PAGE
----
Moving is hard on everyone, especially your kids. In addition to having to adapt to a new home, leaving friends behind and making new ones can be one of the most stressful parts of the process. As a parent, it is never easy to watch your child struggle, so you may feel that you want to ease the transition, help them fit in with their peers and start to socialize in their new hometown as soon as possible. The truth is that they are solely responsible for making friends but luckily, there are a number of ways for you to help!

Take Them To Places Other Kids Are

When you have settled into your new home, start to take your kids to local areas where other children play and hang out. In Whistler, many children frequent the skate park, Meadow Park swimming pool, library, and the ice rink. It is even a good idea to take your child to preview their new school. You never know, they may just meet a future classmate!

Help Your Child Blend In

As parents, we want our child to be true to themselves. However, in the case of a big move, it can help your child feel more comfortable to have peer approval through fitting in with a new haircut, popular clothing or shoes. What’s more, many communities have their own culture which may be more noticeable to your eye rather than your child’s. Take note of current trends among the kids and offer to help your child make them their own.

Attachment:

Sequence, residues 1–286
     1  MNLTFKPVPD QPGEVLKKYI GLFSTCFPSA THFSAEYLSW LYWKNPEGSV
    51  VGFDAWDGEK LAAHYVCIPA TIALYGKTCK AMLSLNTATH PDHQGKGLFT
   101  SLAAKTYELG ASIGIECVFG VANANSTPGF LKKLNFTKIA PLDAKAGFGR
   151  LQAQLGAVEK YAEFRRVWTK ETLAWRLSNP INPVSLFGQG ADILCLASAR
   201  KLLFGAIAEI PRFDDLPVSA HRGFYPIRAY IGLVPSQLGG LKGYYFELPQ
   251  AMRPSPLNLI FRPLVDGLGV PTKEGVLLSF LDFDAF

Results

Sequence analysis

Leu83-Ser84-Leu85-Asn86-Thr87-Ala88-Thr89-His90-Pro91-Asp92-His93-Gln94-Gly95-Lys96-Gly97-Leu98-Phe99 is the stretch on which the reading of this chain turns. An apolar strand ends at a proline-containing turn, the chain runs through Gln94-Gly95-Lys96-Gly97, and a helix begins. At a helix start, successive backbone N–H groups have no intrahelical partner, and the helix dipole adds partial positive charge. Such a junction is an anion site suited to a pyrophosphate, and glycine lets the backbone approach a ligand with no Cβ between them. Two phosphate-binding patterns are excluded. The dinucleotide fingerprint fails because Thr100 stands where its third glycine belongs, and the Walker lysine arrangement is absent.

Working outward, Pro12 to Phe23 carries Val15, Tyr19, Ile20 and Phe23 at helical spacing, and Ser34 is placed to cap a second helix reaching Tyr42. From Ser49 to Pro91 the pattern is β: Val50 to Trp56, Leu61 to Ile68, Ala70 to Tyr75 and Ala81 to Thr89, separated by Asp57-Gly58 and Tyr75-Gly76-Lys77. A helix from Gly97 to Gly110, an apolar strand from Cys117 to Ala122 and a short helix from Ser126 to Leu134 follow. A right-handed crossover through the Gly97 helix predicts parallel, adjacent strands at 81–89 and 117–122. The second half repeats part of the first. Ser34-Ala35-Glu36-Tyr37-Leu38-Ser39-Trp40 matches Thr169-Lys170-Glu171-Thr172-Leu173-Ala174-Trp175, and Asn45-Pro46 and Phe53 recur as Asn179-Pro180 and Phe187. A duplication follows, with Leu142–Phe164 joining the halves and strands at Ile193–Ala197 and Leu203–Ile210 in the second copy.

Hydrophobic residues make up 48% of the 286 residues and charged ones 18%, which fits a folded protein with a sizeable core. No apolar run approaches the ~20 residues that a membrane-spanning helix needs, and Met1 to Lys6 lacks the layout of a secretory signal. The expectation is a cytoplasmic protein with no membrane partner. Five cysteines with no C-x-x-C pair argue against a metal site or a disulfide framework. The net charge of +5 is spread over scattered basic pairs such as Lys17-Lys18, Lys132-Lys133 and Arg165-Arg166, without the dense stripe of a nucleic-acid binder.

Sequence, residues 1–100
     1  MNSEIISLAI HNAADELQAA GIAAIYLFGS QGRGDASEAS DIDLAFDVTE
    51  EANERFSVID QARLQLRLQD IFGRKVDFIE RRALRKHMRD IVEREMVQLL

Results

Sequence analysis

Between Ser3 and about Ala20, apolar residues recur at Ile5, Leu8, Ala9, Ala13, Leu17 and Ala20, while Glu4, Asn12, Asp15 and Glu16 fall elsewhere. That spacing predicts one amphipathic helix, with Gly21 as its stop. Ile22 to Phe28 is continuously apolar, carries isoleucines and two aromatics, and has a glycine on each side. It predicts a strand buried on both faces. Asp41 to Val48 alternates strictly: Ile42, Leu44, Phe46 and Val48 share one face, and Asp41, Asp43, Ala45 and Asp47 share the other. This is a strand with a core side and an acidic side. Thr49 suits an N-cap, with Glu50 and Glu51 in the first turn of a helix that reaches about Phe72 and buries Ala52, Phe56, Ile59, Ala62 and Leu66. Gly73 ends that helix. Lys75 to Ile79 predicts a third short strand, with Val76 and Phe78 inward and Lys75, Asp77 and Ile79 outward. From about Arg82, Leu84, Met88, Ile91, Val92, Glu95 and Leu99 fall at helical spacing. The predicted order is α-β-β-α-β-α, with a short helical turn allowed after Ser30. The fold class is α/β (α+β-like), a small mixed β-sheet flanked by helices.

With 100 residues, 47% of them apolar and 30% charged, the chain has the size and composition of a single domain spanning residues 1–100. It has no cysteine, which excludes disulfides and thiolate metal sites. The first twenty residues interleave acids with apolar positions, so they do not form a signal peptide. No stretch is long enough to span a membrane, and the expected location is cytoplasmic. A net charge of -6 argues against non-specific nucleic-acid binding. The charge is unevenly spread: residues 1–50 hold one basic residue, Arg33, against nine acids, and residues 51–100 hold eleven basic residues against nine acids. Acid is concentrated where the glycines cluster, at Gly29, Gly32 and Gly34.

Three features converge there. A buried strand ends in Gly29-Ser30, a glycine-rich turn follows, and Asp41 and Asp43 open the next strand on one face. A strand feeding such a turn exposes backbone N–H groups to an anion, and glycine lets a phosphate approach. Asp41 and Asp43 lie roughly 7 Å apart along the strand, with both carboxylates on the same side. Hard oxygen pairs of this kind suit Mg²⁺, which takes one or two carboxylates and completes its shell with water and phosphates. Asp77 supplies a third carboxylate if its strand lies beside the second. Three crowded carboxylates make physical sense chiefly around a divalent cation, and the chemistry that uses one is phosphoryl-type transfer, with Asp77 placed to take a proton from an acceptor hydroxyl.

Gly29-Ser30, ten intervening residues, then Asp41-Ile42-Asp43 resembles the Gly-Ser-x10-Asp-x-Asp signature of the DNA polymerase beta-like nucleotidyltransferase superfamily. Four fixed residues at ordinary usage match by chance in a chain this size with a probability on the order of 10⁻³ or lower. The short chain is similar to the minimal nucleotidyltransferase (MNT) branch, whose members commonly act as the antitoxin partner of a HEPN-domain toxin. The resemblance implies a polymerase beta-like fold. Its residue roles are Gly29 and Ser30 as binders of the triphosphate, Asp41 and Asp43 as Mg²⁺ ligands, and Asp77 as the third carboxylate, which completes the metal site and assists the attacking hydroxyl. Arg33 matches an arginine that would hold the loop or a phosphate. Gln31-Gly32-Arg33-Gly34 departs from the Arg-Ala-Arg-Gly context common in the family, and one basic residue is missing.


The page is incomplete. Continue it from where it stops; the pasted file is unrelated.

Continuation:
Become Friends With Other Parents

Play dates are a great way for kids to make friends and for parents to bond. As soon as you feel comfortable, introduce yourself to neighbors. It also doesn’t hurt for you to pursue your own activities which will surely broaden your new social group to include other parents. Work colleagues are also a great way to meet other adults with similar aged children.

Have them Join Extracurricular Activities

After school classes and sports are a wonderful way for your child to stay busy and meet other kids with similar interests. In Whistler, many children participate in ski school, hockey, tumbling, dance and youth groups.

Support Them Emotionally

Many children focus on negative aspects, especially where a move is involved. Help them remember all the positive parts of moving such as making new friends, starting fresh, and the excitement. Make sure to let them express how they are feeling prior, during and after moving. This will encourage an open line of communication and prevent your child from retreating inwards which would hinder them socially in the long run.

Your job as a parent is to provide as much opportunity as possible for your child to make friends, not make friends for them. Before you know it with these helpful tips, there will be a whole neighborhood knocking at your front door, staying for dinner and playing in your back yard. Looking to find a front door in Whistler for your child’s friends to knock on? Contact us today!